gan 50 Phelan Ave San Francisco, CA 94112 April 9, 2013 Mr. Bob Smith Health Service Secretary 1145 Market Street San Francisco, CA 94103 Dear Mr. Smith FOR THE ATTENTION OF THE HSS SECRETARY Organ donation is a compassionate way to give back to others, being able to make a huge difference by giving another person a second chance to live. The number of patients waiting for organs far exceeds the number of people who have registered to become organ donors. What’s worse, Patients are forced to wait months, even years for a match, and far too many die before they are provided with a suitable organ.
In fact, in 2011, a total of 597 people died in New York State while waiting for organ transplants. This means that someone died every 15 hours in the state because of the organ donor shortage. As a member of the US Department of Health and Human Services Advisory Committee on Organ Transplantation, I believe that becoming an organ donor after death is not only an important decision for yourself, but it is also an important decision for the life that you may have the power to save. Organ transplants takes healthy organs and tissues from one person for transplantation into another.
It usually occurs for patients with kidney or liver failure, or eventually heart or lung malfunctions. For patients who need a kidney or a liver, a living donor’s organ can be utilized; since we are already born with an extra kidney and the liver naturally regenerate. Moreover, a transplant is usually the last course of action in the treatment of a patient, but if the patient is willing and able, it can be a good option. However, a match is made when both the donor and the receiver have the same blood and tissue type, and other medical factors are considered depending on the specific needs for each case.
Also, how long a patient has been waiting for an organ is a big factor when choosing who will get which organ. In “A Moral Solution to the Organ Shortage” written by Alexander Tabarrok in 2001, the author argues that the “no-give-no-take” rule is the best solution, proposing that only people who agreed to be organ donors can have organ transplants in return. I strongly agree with Tabarrok because as he mentions in his essay “ While it is understandable that some people may have misgivings about becoming donors for personal or religious reasons, why should someone who was not willing to give an organ be allowed to take an organ? (582). Additionally, I must say that I’m quite uncomfortable with the idea of human organs for sale, health and especially organs should not be bought with money. Furthermore, Organ transplantation can only be possible if the donor and the receiver both already agreed by signing their organ donor cards before they discover they’re having health complications, needing a kidney, a lung or a heart transplant. In the United States, 42. 7 percent of individuals’ age 18 and older has registered to be organ, eye and tissue donors.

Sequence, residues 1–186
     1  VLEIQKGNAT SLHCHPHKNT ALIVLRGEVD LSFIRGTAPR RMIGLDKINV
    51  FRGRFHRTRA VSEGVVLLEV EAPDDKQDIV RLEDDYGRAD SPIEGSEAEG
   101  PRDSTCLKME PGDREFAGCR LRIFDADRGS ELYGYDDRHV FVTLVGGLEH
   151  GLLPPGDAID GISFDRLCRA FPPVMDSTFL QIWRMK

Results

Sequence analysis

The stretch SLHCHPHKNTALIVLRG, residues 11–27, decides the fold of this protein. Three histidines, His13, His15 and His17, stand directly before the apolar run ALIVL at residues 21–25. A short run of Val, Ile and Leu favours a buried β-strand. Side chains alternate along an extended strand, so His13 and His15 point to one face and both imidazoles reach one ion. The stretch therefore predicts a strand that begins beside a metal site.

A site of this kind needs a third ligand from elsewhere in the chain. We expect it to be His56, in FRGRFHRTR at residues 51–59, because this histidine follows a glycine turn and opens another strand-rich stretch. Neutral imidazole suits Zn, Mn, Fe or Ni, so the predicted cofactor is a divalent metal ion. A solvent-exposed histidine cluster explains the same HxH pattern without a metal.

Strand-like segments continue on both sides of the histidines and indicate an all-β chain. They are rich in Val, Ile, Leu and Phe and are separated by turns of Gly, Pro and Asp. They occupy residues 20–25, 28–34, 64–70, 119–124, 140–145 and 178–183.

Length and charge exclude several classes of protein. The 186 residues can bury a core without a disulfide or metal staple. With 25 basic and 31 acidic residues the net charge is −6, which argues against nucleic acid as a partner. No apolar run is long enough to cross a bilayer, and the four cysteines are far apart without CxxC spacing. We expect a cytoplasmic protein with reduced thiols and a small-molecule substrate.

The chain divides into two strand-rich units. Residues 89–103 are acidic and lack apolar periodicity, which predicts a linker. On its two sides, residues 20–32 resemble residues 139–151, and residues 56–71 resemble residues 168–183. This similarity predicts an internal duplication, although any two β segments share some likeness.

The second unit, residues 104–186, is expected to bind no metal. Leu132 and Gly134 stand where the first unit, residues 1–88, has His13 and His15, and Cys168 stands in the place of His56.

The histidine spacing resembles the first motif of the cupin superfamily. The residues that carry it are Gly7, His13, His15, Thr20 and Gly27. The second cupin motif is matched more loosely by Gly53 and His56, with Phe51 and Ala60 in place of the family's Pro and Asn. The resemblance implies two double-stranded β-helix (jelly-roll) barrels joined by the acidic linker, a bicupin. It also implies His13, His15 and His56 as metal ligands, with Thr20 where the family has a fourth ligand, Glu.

I suggest that the “no-give-no-take” rule should be considered. It’s easy and fair, all you have to do is apply with you state donor by going to “www. Organdonor. gov” and registering to what state you reside in, as well as entering some basic information such as your name, address, height, gender and of course what specific organs you are willing to donate after you death. Fortunately, You can donate organs at almost any age – anywhere between a newborn to a 65 year old can sign up. Besides, there are countless highly important reasons that you should donate organs.
First of all, the satisfaction of being able to save lives even when you are already gone. Your organs will live on and go on to help someone else, and at the same time your memory will of course live on for the grateful people who receive your organs. Secondly, having the chance to receive an organ that you may need. Consequently, your own life will be saved. Currently, over 116,000 patients in the United States are in need of a new organ, it is easy to help them and save their lives.
Registering to be an organ donor is a charitable act that costs nothing. It allows a donor to save up to eight lives through organ donations, and to save or improve the lives of up to 50 recipients through tissue and eye donation. As Tabarrok says in his essay: ”Being willing to give up an organ, should it no longer be of use to you, is the premium to be paid for the right to receive someone else’s organ if one yours fails. ” (582). And this what sums up what the “no-give-no-take” policy is all about.
In 2008, Israel turned that idea to a law. This latter has had an unusually tough time getting people to become organ donors, but once the rules changed, the response was extraordinary. Israelis are offering up their organs in the case of their death so fast, they are overwhelming the system. This would have a great impact on the United States as well, they’re might be some controversies, but people will get over it, and lots of lives will be saved. Thank you for your time. Sincerely yours, Ali lwa3r.
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